Little agreement at Capitol as deadlines loomby Tim Pugmire, Minnesota Public Radio
The Minnesota House and Senate resumed work Tuesday after a Passover/Easter break. And deep disagreements remain over how to erase the state's $4.6 billion budget deficit. There are just five weeks remaining before the constitutional deadline for adjournment.
St. Paul, Minn. — House and Senate budget committees have a narrow window this week to roll out spending bills, hold hearings and take votes. Next week's timetable for tax bills is equally tight.
The clock keeps ticking toward a May 18 adjournment, and Gov. Tim Pawlenty said he's worried. The Republican governor said Democrats haven't left themselves a sufficient cushion.
"They've got a work schedule that will put omnibus bills on my desk with just a week or so to go before the session," he said. "If those bills end up getting vetoed that will give them very little time to reconstruct the bills in a compromise fashion and get bills that are signed. So, if they're going to test whether these bills are going to be vetoed and have the vetoes sustained, bring them up now. Get them here now."
Pawlenty told reporters he hopes to avoid a potential government shutdown, which would be the consequence of a budget stalemate that lingers past June 30. He said everyone's focus should be on a timely and constructive finish to the session. Senate Majority Leader Larry Pogemiller, DFL-Minneapolis doesn't share the governor's concern. Pogemiller said there's still a lot of time left.
"We in the Senate, before we took the break for Easter and Passover, passed a major education bill," he said. "We're on target this week to get the other appropriation bills moving out of the House and Senate committees. We've got a schedule set down where we're going to have all the major bills to the governor in plenty of time for him to consider them. So, I think we're ahead of schedule actually."
But big hurdles still stand in the way of a budget agreement. Senate Democrats say they need $2 billion in new revenue to balance the books, while House Democrats are seeking $1.5 billion. Pawlenty is promising to veto any tax increases. And House Republicans leaders say they'll stand united to sustain those vetoes.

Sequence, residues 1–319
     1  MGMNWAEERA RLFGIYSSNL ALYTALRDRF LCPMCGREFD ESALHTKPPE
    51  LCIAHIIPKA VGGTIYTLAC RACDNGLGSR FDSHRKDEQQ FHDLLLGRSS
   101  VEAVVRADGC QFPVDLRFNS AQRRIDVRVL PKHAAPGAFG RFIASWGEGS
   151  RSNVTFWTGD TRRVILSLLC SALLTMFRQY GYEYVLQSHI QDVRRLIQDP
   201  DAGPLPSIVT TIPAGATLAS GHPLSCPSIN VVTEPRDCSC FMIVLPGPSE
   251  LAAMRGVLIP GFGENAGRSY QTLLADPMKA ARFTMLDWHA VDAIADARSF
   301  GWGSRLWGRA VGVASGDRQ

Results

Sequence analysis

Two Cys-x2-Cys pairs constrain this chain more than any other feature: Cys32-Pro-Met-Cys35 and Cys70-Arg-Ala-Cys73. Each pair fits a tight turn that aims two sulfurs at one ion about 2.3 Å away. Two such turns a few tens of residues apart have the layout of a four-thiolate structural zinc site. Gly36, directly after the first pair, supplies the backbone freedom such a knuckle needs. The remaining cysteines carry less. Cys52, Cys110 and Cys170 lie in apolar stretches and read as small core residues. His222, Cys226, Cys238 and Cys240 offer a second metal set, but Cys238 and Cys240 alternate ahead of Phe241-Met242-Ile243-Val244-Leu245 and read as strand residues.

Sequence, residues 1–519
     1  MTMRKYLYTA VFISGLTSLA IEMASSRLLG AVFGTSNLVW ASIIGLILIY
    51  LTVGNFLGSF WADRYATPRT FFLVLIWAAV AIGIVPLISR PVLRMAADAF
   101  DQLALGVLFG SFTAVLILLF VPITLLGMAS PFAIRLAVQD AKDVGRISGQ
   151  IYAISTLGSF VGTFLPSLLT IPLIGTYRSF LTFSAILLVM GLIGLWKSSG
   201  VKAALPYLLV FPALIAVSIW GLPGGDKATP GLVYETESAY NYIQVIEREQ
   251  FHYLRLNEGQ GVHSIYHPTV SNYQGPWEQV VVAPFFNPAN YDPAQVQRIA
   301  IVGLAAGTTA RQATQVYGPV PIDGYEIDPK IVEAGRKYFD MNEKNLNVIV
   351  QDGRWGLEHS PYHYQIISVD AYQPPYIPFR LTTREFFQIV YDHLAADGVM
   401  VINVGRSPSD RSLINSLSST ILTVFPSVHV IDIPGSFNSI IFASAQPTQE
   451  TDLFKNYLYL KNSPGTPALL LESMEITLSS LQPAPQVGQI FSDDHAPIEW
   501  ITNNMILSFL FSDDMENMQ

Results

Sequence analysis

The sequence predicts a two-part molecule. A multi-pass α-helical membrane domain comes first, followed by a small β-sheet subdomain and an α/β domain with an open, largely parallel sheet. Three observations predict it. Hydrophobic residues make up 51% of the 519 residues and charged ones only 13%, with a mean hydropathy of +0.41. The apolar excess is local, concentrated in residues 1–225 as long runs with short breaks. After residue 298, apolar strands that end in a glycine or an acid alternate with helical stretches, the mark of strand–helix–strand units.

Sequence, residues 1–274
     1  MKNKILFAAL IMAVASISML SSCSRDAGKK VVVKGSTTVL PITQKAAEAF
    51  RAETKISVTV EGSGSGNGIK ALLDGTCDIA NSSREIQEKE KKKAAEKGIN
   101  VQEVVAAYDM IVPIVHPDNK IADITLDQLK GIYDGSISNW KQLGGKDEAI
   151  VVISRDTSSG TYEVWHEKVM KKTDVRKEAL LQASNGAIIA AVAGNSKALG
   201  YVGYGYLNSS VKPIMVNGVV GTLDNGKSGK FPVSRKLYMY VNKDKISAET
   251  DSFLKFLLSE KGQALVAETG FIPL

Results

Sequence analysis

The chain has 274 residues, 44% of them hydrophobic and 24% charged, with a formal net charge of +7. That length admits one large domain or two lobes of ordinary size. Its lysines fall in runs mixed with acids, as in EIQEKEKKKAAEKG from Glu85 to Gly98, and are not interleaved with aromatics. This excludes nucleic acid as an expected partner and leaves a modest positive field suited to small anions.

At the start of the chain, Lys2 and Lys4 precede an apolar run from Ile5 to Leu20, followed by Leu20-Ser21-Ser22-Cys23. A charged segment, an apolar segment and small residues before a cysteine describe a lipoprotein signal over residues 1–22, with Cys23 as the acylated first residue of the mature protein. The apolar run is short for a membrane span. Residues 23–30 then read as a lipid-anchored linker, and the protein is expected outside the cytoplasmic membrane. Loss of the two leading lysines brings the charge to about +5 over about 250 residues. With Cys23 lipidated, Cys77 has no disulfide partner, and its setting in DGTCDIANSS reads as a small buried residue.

House Speaker Margaret Anderson Kelliher, DFL- Minneapolis, said the House tax bill will be fair and progressive. And she predicted the chances of a veto override this session are slim. Kelliher also suggested the governor could take greater interest in negotiating.
"I just think the governor needs to be more willing to sit down and really come up with a strategy here," she said. "He's very good at saying no. He is less willing to be open to real solutions."
Kelliher said she's frustrated by the lack of meetings this session between the governor and DFL leaders. The last one was over two weeks ago.
Pawlenty said he hasn't met with Kelliher or Pogemiller because there were no budget bills to discuss.
"We can't resolve differences with a group that hasn't presented their plan," he said. "They haven't even decided which taxes they're going to propose to increase. So, we need to see what their proposal is before we can try to reconcile the differences. They haven't even agreed between the House and the Senate what they're going to do yet."
Another potential showdown is looming over a borrowing plan for public works projects. Pawlenty said he'll support a reasonable and affordable bonding bill, and neither the House or Senate versions appear to meet his requirements. Democrats say a bonding bill will create needed jobs, and Pogemiller said he thinks the governor will eventually agree.
"On the one hand, the governor spends his time criticizing bonding and criticizing federal spending and criticizing federal deficits," he said. "But he's always at the ribbon cutting when you want to spend money on a new highway or on a new building. And so, I think people need to take that a bit with a grain of salt."
A conference committee is now working to resolve the bonding bill. The House bill would ring up $200 million on the state credit card, compared to $329 million with the Senate bill.
- All Things Considered, 04/14/2009, 5:50 p.m.